“Catholic Mindfulness” with Dr. Gregory Bottaro

What exactly is “mindfulness”?  You may or may not have heard this current buzzword that seems to be popping up more and more.  Is it dangerous New Age nonsense?  Can this psychological practice be reconciled with Catholicism?  Does it even matter?

Well, if God is the source of all Being itself and is in the present moment, then by being mindful of the present moment, and by intentionally “reuniting” my body and soul by putting aside distractions and anxieties, I become all the more open to the presence of God.  By “filling my mind” with the present reality through all my five senses and entrusting this moment to God, the Father who cares for and loves me, I thus find myself more in tune with reality than ever before.  Easier said than done, especially in our fragmented and distracted society.

I had the privilege of conversing with Dr. Gregory Bottaro has written a book called “Catholic Mindfulness: Finding God One Moment at a Time” and heads the CatholicPsych Institute, and has got lots of great things to say on this practice.

[NOTE: this is my first attempt at doing a web-interview over Facebook Live and, as an introvert and amateur techie, I’m learning…so please be patient with my lack of skill!  I promise that I will get better!]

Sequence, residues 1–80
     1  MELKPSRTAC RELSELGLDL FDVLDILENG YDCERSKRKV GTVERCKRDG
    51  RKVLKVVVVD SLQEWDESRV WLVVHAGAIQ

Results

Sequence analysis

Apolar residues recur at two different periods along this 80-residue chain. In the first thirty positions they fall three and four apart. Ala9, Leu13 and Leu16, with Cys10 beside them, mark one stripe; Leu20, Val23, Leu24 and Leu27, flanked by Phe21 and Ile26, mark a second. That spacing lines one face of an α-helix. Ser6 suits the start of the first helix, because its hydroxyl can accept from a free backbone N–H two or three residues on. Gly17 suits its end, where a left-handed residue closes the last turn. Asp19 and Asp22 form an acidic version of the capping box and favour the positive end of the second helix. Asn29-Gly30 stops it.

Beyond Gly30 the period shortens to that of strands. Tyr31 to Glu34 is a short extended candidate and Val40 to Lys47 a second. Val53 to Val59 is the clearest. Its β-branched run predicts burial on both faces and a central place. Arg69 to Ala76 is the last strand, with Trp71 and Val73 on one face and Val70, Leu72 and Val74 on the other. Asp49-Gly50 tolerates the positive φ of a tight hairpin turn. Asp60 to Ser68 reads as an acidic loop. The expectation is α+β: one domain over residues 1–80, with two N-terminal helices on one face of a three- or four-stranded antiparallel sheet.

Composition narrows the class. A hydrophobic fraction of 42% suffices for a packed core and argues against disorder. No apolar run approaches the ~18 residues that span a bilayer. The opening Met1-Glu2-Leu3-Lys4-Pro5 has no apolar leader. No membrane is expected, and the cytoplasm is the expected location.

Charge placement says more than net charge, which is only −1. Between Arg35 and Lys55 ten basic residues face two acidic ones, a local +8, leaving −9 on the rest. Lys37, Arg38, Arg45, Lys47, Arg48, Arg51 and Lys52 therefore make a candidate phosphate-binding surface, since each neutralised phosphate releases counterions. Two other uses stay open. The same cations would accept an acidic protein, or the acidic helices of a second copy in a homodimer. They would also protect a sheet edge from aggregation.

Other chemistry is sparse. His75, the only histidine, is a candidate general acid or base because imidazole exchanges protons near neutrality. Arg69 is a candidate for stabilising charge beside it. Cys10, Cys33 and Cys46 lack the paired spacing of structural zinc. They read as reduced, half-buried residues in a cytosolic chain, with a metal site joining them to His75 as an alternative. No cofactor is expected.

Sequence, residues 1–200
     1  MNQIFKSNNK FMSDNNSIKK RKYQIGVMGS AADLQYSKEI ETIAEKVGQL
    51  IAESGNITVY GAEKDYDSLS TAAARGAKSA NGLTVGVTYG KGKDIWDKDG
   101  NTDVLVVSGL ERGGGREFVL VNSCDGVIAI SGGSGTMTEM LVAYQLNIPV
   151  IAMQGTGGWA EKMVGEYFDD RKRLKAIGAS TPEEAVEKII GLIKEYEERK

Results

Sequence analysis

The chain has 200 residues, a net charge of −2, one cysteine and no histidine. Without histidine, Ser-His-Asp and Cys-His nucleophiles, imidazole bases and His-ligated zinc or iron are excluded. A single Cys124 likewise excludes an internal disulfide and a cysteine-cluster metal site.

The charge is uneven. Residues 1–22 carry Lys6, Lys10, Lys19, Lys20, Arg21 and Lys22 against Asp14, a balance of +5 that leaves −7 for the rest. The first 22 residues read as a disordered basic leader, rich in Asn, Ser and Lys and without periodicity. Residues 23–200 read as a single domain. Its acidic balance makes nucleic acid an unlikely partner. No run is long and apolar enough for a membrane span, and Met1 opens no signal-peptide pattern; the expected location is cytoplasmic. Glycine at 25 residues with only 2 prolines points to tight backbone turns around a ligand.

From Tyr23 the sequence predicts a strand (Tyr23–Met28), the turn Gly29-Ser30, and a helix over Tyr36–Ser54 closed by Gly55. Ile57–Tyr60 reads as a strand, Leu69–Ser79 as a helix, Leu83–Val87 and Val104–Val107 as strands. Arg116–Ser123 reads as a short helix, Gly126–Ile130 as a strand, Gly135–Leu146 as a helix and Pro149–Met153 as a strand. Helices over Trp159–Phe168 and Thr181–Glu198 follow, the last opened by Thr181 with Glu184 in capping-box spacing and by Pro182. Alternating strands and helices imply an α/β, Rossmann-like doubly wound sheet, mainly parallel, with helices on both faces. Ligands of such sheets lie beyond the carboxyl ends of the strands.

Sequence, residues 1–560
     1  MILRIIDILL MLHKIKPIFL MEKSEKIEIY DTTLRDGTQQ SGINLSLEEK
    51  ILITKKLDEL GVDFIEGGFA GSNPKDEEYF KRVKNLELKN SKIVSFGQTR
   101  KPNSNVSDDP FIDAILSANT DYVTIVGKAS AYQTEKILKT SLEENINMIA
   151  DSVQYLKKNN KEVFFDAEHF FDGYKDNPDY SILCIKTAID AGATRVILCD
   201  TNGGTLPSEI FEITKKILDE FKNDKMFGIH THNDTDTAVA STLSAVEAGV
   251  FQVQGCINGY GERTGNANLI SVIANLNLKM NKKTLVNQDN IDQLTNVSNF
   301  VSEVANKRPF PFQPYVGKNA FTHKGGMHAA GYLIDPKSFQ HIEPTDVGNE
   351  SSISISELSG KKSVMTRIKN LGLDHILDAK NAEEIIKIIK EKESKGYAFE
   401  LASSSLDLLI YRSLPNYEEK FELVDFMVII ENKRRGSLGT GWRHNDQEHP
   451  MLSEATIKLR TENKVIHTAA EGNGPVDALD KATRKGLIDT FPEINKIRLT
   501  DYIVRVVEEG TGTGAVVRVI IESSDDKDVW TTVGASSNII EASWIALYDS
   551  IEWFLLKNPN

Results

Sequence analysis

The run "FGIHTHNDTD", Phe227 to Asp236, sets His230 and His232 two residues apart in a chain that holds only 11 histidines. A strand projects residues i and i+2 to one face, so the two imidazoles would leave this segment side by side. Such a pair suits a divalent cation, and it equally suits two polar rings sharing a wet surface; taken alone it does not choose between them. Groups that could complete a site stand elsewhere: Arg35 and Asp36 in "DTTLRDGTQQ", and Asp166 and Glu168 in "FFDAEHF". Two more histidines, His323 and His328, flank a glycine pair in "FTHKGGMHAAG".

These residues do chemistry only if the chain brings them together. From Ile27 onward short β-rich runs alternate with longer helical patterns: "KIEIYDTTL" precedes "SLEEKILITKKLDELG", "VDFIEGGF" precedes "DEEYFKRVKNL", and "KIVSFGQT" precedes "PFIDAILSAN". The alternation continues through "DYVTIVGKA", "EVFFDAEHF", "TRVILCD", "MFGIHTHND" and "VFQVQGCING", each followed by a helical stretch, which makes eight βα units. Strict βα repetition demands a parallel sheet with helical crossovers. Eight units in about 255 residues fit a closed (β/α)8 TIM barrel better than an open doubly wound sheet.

Dr. Bottaro is a clinical psychologist practicing in Connecticut serving the greater New York Metropolitan area and many others through online therapy. He received his Psy.D. (Doctorate in Clinical Psychology) from the Institute for the Psychological Sciences, a graduate school in Arlington, VA that integrates Catholic philosophy and theology with sound, empirically validated psychology. Before finishing his degree, he discerned a religious vocation with the Community of the Franciscan Friars of the Renewal (CFRs) before ultimately feeling the prompting of God’s will to pursue family life.

Dr. Bottaro formed the CatholicPsych Institute in 2012 to connect Catholics around the world with therapists trained to integrate the faith with the practice. There are many different types of psychological needs. CatholicPsych therapists are trained to provide treatment for the worst types of psychological suffering, as well as provide a therapeutic atmosphere to gain insight into some of life’s basic adjustments and issues.

 Here’s a great follow-up article that Dr. Gregory wrote to address some of the misconceptions, concerns, or questions regarding a Christian practicing mindfulness.

I hope you enjoy the conversation!

-Bobby

PS:  Here are some excellent books from our rich Church history regarding finding the will of God in the present moment:

Abandonment to Divine Providence  The Practice of the Presence of God

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